Kevin Jodrey is in charge of the grow rooms at the Humboldt Patient Resource Center (HPRC) in Arcata, Humboldt’s oldest dispensary. Also an outdoor gardener, Jodrey has been dealing with garden pests, critters, and disease longer than heâ€™s able to admit.
â€œEd did a great job with this book!â€ Jodrey said, after having the reference book on hand for several weeks. â€œIt is easy to read, easy to use, and covers most areas a gardener needs to be aware of concerning pests and disease.â€
Physicality is a top concern for any grower, not only for the safety of the grow, but in maintaining excellent conditions for excellent bud. As Ed puts it, the key words echo any realtorâ€™s mantra, “Location, location, location.”
Outdoor gardens have a full ecosystem and a world of pests to deal with. Most growers who plan on that full-sun-spot might not realize deer and other critters look for the same kind of habitat.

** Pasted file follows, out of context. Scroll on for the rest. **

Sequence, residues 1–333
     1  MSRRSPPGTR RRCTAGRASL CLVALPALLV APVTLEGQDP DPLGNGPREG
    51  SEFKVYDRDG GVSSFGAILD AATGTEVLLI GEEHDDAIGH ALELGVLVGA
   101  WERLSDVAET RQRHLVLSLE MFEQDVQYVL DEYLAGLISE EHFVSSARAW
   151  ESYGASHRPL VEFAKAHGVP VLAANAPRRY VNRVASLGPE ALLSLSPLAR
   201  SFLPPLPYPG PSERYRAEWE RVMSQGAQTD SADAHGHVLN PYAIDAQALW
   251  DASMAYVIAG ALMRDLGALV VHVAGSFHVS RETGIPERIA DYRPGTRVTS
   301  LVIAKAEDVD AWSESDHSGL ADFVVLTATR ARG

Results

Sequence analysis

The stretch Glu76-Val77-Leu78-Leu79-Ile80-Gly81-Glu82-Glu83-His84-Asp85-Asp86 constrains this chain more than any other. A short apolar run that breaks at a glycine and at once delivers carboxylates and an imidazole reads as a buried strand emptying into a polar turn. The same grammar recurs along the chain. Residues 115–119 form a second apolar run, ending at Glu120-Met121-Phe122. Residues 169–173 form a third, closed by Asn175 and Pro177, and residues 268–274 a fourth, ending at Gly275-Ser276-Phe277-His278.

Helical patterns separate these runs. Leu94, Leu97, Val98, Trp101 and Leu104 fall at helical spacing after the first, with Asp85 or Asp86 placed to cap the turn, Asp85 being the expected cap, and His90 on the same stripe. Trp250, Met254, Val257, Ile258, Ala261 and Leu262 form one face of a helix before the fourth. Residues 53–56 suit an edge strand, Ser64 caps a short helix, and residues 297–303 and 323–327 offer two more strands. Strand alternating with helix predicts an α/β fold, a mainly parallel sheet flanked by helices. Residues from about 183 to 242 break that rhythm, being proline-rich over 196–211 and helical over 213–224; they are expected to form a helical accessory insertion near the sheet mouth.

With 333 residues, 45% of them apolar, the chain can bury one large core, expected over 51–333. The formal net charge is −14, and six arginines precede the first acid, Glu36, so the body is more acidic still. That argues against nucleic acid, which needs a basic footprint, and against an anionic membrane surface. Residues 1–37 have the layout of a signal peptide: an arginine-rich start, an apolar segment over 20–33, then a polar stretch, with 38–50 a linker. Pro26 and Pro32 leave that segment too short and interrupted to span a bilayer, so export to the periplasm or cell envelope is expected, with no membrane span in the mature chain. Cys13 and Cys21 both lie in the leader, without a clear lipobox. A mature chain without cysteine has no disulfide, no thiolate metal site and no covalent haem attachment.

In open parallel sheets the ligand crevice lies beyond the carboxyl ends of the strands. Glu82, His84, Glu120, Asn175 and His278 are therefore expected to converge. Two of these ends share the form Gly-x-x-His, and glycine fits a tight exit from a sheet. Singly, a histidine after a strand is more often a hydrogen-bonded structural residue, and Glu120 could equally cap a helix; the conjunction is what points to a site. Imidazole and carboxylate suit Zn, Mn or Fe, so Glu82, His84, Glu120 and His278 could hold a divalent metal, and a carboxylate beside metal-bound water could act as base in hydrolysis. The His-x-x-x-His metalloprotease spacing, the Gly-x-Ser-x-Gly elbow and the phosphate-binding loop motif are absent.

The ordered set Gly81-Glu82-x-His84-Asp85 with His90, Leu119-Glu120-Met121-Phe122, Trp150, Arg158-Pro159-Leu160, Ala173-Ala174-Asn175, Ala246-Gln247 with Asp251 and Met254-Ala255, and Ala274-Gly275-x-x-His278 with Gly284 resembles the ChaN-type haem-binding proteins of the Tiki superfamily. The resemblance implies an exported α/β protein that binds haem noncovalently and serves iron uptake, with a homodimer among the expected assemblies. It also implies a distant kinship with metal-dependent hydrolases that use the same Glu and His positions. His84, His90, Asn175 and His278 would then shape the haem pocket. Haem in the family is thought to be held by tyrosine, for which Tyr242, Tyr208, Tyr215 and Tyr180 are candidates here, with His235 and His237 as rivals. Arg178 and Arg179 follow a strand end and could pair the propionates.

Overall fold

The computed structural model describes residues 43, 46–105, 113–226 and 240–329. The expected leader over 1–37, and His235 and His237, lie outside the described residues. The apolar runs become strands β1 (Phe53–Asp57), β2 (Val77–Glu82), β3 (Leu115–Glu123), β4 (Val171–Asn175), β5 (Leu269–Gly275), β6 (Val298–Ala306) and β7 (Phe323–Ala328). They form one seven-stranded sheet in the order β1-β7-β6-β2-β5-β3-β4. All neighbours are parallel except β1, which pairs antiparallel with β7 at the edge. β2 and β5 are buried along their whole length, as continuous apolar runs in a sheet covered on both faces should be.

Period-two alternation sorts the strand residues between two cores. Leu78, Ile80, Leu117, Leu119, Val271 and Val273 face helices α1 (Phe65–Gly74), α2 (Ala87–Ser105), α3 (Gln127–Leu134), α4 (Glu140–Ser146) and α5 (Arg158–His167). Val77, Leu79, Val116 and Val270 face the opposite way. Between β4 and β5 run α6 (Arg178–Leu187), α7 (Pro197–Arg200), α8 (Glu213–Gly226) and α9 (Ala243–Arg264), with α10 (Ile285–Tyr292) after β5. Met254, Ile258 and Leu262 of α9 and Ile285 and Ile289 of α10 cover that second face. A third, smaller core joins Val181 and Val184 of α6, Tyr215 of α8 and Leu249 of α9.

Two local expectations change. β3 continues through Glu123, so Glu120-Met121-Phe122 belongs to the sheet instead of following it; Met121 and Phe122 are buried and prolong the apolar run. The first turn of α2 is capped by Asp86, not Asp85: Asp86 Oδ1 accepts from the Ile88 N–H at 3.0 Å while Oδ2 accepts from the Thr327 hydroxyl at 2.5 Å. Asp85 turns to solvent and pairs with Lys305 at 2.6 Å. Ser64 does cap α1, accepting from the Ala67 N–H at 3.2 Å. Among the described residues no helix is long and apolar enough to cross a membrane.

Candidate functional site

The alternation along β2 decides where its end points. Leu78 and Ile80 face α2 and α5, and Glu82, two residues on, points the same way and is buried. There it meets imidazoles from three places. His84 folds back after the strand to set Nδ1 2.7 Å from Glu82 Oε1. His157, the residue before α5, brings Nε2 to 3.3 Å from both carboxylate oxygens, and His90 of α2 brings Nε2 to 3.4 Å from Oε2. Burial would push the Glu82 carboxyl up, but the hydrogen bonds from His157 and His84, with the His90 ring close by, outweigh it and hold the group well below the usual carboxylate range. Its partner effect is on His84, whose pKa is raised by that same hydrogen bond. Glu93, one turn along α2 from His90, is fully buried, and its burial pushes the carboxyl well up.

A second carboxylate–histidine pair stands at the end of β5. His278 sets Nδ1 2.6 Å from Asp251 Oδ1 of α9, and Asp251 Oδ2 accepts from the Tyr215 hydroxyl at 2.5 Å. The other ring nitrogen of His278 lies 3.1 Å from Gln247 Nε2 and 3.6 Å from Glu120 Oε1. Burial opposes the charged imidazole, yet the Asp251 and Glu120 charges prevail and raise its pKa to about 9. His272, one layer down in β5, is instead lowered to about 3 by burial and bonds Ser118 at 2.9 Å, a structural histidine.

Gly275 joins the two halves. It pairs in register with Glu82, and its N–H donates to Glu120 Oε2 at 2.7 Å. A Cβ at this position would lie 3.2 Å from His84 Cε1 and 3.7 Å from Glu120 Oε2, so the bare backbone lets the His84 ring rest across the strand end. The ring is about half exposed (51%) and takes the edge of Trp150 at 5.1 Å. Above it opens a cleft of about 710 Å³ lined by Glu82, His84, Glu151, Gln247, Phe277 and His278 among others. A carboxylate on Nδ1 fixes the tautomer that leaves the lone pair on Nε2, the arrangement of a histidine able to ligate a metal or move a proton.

Indoor gardening is necessary for many growers for many reasons, but putting a greenhouse in a house made for people is a challenge like no other. Aside from using up to 60% more energy than the average U.S. household, where pests and disease are concerned, itâ€™s the perfect melding pot for raising healthy pests and nurturing disease.
Keeping everything clean, Ed said, is the starting point. Washing pots and trays is a given, but Ed goes the extra mile advising, â€œWash down greenhouse benches and side walls after productionâ€¦ â€œ
With more states opting for medical cannabis, more people will grow, indoor and out â€“ that’s a given.Â With the locavore movement spreading across the country, more people will be growing their own food. How the gardening gets done along with the quality of food and medicine produced will become key in keeping up with the fluctuating market, keeping good medicine and good food safe.
For decades, information like this was passed down from gardener to gardener like so much folklore. How-to books like Ed’s take the guesswork out of healthy gardening, but, more importantly, they normalize the entire conversation with intelligence and respect for nature.